“My position as an IAS officer gives me the opportunity to work in issues that need to be addressed urgently. I feel that the opportunities that my children can get should also be given to rural children who come from a less privileged background."
When IAS officer Sweta Mohanty was appointed as the District Collector of the Wanaparthy district in Telangana, she knew that she had her work cut out for her.
The poverty-ridden district was plagued with several problems, but Mohanty zeroed in on the most urgent ones like severe anaemia, lack of menstrual hygiene and a below average income, which invariably were affecting the women.
IAS Officer Saloni Sidana Shares Strategy For Cracking UPSC CSE in First Attempt
Dr Saloni Sidana pursued civil services after completing her MBBS. She aced UPSC CSE, securing 74th rank in her first attempt. Serving as Mandla's district collector in Madhya Pradesh, she recently went viral for spending only Rs 500 on her wedding.Read more >
“This is exactly the kind of opportunity I wanted to grab from my position,” said Mohanty, in a conversation with The Better India.
Since then, Mohanty has successfully implemented several initiatives to make the lives of students and women easier, healthier and happier.
From empowering women self-help groups to spreading awareness about anaemia amongst young girls, the IAS officer is leaving no stone unturned in helping her jurisdiction blaze a trail in socio-economic progress.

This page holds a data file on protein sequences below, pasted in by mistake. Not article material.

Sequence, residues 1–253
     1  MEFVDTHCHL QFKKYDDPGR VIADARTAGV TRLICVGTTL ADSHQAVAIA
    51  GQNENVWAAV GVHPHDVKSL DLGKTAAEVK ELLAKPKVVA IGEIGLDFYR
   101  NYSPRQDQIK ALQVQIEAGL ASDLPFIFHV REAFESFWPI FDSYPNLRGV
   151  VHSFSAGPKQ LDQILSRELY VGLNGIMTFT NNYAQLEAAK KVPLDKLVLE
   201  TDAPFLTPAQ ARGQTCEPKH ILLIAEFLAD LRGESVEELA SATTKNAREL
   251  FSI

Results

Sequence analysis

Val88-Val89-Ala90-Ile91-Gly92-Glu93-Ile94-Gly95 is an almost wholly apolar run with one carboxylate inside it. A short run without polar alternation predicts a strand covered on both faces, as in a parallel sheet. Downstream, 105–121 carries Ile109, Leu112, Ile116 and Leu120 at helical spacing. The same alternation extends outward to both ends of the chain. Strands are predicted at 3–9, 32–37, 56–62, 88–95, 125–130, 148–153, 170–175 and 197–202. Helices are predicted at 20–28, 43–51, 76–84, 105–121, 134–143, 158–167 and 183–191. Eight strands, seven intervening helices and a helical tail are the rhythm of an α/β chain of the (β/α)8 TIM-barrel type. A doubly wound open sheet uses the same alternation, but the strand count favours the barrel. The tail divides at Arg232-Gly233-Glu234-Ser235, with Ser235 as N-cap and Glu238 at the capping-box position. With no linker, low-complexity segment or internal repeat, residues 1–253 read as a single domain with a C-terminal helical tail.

Out of the several successful initiatives, take a glimpse at the most inspiring ones:
Awareness about anaemia amongst young girls
Pregnant women would come to the government hospitals in Wanaparthy and as many as 40 per cent would test positive for anaemia. Mild anaemia is common during pregnancy but if it gets severe, it may lead to several complications for the mother—including preterm delivery.
Mohanty decided to correct this alarming statistic.
“Our plan is to teach them young instead of waiting until the woman gets pregnant to check for anaemia. And so, under project ‘Samatha’, we conducted blood tests on over 8000 girls in 110 government high schools across the district. Health issues like anaemia are read about in textbooks or spoken about as conjecture but seldom are they personal talking points. And that was our aim—to make it a personal issue so it is taken care of as soon as possible,” Mohanty told TBI.
Menstrual hygiene was another crucial point that needed to be addressed while tackling anaemia.
Mohanty and her team taught the girls how to manage a menstrual calendar. This helped them keep a track of their periods and mark any irregularities. The teachers in the district schools were charged with the responsibility of distributing medicines, tablets and looking after the diets of the young girls to check the rising levels of anaemia. The efforts paid off when after the next round of tests conducted after six months of this exercise the number of anaemic girls had dropped to 4 per cent!
“We are in the process to start the next phase of Samatha wherein we provide cost-effective solutions for biodegradable sanitary napkins. In our research, we discovered that about 50 per cent women in Wanaparthy use sanitary napkins and even more shocking was that 40 per cent of them bury the used pads in the ground, thanks to the religious and social stigma around it. We are working ways to provide a sustainable solution to these issues that cut through the socio-economic factors and provide guaranteed hygiene to our women,” Mohanty added.
How an IAS Officer Used a School To Bring The World to a Far-Flung Tribal Village
Setting an example for remote villages, IAS officer Krishnanunni H transformed the tribal hamlet of Kathirimalai in Tamil Nadu with a simple idea.Read more >
Teaching the young